Bird Bath

In addition to the various bird feeders I provide a bird bath on our back deck.  This gives the birds a place to get a drink and in the case of Robins to take a bath. This spring I looked out one day to see a whole group of Bluebirds lined up on the edge of the bird bath.

 I love to see the Robins splashing in the bird bath.








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Thursday, February 28, 2019

Review of Woodpecker Facts and Photography

                                                                         Downy Woodpecker

I have been fascinated by woodpeckers for a long time, but I didn't realize there were so many different types of woodpeckers.  This year I purchased a peanut feeder for my backyard.  When I started to see different types of woodpeckers using the feeder I checked out information about woodpeckers  both online and in my Backyard Birds guide.  In this post I will show you photos and facts about the four types of woodpeckers that have visited my backyard.


Northern Flicker

The Northern Flicker is a very handsome bird.  It has a brown back with black bars and a very distinct crescent of black on the chest. In flight the white rump is very conspicuous.  

These woodpeckers usually forage on the ground for food, but I have also seen them at my suet feeders.

Downy Woodpecker

Downy Woodpeckers are the most common ones that I see in my backyard.  They visit year round and are fairly small birds.  These small tubular looking woodpeckers are very delicate looking.  They have crisp black and white plumage and the males have a red patch toward the back of the head.  They have a larger look-alike cousin the Hairy Woodpecker.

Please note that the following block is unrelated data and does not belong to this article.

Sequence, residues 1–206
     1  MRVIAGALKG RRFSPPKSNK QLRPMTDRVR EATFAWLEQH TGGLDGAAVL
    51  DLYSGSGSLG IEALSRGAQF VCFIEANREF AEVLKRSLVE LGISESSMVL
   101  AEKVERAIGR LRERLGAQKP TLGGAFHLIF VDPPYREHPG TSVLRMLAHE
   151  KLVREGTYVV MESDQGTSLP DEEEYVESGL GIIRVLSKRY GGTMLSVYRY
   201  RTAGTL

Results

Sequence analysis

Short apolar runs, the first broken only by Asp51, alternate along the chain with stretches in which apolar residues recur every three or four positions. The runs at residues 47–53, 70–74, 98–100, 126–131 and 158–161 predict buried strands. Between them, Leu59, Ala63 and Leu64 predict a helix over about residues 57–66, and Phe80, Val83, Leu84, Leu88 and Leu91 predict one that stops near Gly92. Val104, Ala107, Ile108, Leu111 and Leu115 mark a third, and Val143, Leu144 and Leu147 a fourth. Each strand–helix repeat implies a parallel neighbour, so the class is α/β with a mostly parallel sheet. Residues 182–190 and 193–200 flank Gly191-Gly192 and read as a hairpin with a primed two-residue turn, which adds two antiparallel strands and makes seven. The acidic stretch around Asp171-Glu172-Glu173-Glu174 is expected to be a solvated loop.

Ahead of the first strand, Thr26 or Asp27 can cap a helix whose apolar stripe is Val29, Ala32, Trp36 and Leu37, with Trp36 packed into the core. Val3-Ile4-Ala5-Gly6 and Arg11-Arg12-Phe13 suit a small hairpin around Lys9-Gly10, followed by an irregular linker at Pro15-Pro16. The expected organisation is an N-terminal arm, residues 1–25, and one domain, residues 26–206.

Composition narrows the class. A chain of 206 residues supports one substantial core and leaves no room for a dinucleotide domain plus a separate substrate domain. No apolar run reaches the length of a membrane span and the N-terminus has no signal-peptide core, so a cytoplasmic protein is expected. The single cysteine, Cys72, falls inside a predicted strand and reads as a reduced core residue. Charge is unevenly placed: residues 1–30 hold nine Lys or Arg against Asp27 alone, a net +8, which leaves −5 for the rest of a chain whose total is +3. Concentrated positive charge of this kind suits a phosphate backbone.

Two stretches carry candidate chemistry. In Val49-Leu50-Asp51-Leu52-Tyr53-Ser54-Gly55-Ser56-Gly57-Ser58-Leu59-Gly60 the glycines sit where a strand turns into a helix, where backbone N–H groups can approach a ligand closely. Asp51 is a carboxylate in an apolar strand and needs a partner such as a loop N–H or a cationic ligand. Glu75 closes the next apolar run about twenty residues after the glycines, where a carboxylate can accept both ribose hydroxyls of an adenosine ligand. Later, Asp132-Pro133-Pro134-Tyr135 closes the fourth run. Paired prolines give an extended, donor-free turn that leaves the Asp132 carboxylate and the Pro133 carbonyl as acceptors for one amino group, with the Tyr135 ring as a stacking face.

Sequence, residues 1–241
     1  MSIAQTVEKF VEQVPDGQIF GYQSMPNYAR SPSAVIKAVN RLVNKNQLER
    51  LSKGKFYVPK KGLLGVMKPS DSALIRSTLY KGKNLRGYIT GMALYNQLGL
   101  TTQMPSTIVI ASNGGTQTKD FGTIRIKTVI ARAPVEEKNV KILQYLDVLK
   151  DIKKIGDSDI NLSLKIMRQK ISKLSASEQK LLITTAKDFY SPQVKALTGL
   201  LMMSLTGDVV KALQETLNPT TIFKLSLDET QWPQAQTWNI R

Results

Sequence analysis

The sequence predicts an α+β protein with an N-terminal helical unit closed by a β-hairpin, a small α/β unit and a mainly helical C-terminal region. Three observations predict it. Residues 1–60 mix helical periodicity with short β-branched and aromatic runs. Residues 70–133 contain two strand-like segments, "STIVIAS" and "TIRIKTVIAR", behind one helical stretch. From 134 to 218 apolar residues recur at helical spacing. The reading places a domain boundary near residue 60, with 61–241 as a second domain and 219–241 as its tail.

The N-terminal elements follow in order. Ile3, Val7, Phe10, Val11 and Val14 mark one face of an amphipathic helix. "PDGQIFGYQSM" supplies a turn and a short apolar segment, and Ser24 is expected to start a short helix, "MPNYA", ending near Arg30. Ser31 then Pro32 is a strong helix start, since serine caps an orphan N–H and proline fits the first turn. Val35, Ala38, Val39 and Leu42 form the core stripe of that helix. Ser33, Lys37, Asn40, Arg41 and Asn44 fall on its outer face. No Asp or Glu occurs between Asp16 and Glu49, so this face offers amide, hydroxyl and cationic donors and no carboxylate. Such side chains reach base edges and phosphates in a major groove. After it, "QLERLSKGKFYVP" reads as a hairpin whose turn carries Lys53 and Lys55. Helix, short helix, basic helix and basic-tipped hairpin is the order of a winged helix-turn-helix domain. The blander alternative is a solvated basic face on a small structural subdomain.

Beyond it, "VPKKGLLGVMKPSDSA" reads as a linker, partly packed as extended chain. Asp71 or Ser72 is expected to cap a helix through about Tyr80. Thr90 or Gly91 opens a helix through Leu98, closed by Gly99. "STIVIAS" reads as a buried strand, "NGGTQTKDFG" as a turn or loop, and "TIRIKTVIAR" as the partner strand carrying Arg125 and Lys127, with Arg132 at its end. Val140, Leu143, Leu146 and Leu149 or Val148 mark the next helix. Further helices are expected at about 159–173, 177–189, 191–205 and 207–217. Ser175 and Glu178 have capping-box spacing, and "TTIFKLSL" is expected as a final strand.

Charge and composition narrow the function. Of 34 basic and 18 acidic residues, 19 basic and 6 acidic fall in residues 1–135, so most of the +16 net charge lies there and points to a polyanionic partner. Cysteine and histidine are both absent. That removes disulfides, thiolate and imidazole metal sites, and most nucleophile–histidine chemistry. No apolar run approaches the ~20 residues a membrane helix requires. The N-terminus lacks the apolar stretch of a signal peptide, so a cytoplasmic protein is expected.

Red-Bellied Woodpecker

The Red-Bellied Woodpecker is a large bird with zebra type stripes across the back.  The red belly is really just a pink tinge across the white chest.  The really red part is on the head.  The male has a bright red cap that extends from the bill all the way down the nape.  The female is similar to the male except that the red cap is only in the  nape area.

Yellow-bellied Sapsucker

I have only seen this bird one day in my yard.  I was able to capture photos from several angles and posted it on birding sites.  The consensus was that it is a Yellow-bellied Sapsucker.  My bird book says that I probably caught it on its' migration south.

These birds are rather large woodpeckers with a striped face pattern and a long white slash on the wing.  The male has a red throat and forecrown.  The female has white throat and red fore crown, so I would say the photo above is a male Yellow-bellied woodpecker.


Feeders for  Woodpeckers

I have two types of feeders that I use to attract woodpeckers.  The first is a cage like feeder that I fill with suet cakes.  You can see a Northern Flicker enjoying a suet cake in the photo below.
This type of feeder is also visited by several other types of birds.

This year I purchased a peanut feeder and it has been very popular with both woodpeckers and nuthatches.  This feeder is filled with unshelled peanuts and it is fun to watch the birds peck away till they get the nut out of the shell.  This keeps them at the feeder longer and helps me to capture them with my camera.  Below is a Red Breasted Nuthatch that visited the peanut feeder.

I purchased my peanut feeder on Amazon.  You can get your own by following the link below.